New Rabobank report details China, Germany pork markets and their effects on other producing countries
China appears to be at the epicenter of global pork markets, even as the country quickly restocks its hog herd after the devastating effects of African swine fever (ASF) over the past two years.
According to Rabobank’s fourth quarter 2020 pork report, China accounts for 40% of global pork imports, but as it ramps up domestic supply, exporters are expected to have a hard time finding other places to send their products.
“Markets glimpsed how integral the Chinese market has become to the global trade balance following the trade dispute with Canada in 2019 and following the recent discovery of ASF in Germany,” the report said.
The rate of China’s re-establishment of its hog herd shows that the country is confident in its ability to manage additional ASF outbreaks, the report said. And the Chinese government has indicated that it intends to become largely self-sufficient in pork supply, thereby reducing the need for imports.
“Rabobank believes that, on its current course, China could return to 95% self-sufficiency as soon as 2024-25,” the report said. “This provides a window of continued opportunity for global pork exporters to see incremental demand increases, but this window is likely to close in the coming years.”
For 2021, Rabobank estimates Chinese pork production will be more than 10% higher than in 2020. This increase in production is expected to result in a 20-30% drop in imports – or about 1 million metric tons – in 2021.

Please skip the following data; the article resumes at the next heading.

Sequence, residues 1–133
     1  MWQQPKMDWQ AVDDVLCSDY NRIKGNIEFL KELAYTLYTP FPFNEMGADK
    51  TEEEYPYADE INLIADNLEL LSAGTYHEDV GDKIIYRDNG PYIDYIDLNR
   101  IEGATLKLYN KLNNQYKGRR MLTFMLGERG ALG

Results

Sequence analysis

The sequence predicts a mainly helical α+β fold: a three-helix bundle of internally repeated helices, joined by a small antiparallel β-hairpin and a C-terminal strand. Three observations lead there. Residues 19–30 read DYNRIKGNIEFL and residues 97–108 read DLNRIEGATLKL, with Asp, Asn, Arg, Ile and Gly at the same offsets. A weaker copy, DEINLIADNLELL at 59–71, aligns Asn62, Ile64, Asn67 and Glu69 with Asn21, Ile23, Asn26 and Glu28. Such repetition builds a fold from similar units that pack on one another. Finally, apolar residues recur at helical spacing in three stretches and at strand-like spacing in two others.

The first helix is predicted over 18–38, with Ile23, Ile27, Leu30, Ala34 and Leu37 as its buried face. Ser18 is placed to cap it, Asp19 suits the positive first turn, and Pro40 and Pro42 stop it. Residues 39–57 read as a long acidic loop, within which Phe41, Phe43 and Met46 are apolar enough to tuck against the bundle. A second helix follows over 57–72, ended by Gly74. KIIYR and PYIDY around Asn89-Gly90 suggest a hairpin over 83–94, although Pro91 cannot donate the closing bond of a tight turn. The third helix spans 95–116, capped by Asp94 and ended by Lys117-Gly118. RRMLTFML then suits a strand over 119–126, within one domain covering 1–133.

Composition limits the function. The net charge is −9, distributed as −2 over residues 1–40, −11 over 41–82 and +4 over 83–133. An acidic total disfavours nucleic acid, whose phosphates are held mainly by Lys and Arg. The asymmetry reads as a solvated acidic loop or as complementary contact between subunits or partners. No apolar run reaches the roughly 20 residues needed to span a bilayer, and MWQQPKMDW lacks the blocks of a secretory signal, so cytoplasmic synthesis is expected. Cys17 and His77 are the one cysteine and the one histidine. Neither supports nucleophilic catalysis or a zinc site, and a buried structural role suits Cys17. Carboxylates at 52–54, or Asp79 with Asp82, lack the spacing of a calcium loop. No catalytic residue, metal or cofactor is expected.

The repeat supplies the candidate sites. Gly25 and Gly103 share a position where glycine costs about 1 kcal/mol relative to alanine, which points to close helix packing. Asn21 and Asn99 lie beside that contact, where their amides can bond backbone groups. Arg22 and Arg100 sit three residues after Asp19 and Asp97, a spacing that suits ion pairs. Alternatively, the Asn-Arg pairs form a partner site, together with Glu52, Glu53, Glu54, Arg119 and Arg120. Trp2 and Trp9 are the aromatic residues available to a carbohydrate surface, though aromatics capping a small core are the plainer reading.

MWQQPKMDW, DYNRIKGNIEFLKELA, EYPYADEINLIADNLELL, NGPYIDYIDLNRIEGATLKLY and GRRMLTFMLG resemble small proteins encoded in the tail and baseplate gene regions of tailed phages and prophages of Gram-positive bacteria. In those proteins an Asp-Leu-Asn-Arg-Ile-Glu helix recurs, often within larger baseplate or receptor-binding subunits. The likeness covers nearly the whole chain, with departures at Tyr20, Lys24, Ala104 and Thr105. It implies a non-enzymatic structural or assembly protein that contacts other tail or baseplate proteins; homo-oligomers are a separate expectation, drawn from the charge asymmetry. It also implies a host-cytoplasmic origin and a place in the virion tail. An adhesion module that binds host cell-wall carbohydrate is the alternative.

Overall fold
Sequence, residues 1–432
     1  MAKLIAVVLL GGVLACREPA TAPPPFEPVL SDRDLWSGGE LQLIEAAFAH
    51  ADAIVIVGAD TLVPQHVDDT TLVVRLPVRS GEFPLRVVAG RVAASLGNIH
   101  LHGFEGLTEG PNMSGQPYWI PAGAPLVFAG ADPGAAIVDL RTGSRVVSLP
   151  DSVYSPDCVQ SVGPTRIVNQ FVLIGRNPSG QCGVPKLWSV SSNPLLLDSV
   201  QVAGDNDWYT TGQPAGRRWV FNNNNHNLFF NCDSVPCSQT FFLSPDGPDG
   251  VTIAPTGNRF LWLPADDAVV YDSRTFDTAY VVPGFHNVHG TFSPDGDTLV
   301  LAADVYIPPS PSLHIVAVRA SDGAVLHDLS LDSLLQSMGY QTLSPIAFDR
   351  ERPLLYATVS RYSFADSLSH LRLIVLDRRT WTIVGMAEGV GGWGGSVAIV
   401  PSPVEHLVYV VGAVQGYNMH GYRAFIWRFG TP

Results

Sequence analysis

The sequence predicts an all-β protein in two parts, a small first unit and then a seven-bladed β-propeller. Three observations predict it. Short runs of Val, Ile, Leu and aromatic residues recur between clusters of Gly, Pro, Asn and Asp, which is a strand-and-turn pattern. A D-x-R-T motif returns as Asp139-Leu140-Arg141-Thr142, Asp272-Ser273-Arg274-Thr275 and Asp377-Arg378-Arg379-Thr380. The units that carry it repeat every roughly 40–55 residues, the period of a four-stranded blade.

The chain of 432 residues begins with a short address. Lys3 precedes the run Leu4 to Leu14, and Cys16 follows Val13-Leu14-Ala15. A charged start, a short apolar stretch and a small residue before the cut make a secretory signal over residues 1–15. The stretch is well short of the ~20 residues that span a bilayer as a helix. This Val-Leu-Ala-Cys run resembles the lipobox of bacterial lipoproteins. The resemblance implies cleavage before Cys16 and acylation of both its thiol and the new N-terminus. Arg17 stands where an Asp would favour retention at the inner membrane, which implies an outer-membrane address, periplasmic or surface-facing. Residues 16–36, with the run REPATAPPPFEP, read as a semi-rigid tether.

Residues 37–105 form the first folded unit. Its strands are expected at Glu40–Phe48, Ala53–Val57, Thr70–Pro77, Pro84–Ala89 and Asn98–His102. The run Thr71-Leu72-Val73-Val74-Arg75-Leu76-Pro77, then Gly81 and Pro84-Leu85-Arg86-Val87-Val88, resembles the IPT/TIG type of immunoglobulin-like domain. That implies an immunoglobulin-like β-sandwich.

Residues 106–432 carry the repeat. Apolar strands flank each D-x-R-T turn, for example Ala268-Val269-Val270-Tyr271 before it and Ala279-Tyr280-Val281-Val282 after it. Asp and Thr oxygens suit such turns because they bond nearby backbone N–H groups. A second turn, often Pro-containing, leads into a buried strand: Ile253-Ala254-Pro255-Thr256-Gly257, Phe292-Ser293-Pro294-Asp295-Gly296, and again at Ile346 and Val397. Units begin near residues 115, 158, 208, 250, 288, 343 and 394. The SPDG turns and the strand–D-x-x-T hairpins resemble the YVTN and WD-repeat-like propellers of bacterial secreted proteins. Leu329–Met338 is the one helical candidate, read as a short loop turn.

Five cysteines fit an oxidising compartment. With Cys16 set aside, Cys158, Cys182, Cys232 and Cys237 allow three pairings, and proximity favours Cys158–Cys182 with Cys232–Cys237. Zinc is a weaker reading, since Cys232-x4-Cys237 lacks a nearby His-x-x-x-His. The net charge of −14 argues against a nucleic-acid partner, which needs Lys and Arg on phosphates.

“To put this in perspective, a drop of this magnitude equals about 10% of global pork trade or more than is imported by all but the top two importers,” the report said. “With five countries responsible for 85% of total pork imports annually, it may be increasingly difficult to redistribute the pork no longer needed by China.”
Effects of ASF discovery in Germany
After Germany reported its first ASF case in September, several Asian countries banned imports of its pork. However, Germany’s exports to other EU countries are expected to continue, and a report this week said much of Germany’s pork products that were originally destined for Asia are now supplying EU consumers.
Without access to its usual Asian export markets, Germany must find alternative buyers for approximately 75,000 metric tons of pork per month.
“Increasing exports to Denmark and the Netherlands would be a logical option in the short term, due to established business relationships,” Rabobank said. “On the other hand, specific market standards for pork in Dutch retail outlets and constraints on foodservice demand may potentially limit the possibility of scaling up these export flows.”
View our continuing coverage of the African swine fever outbreak.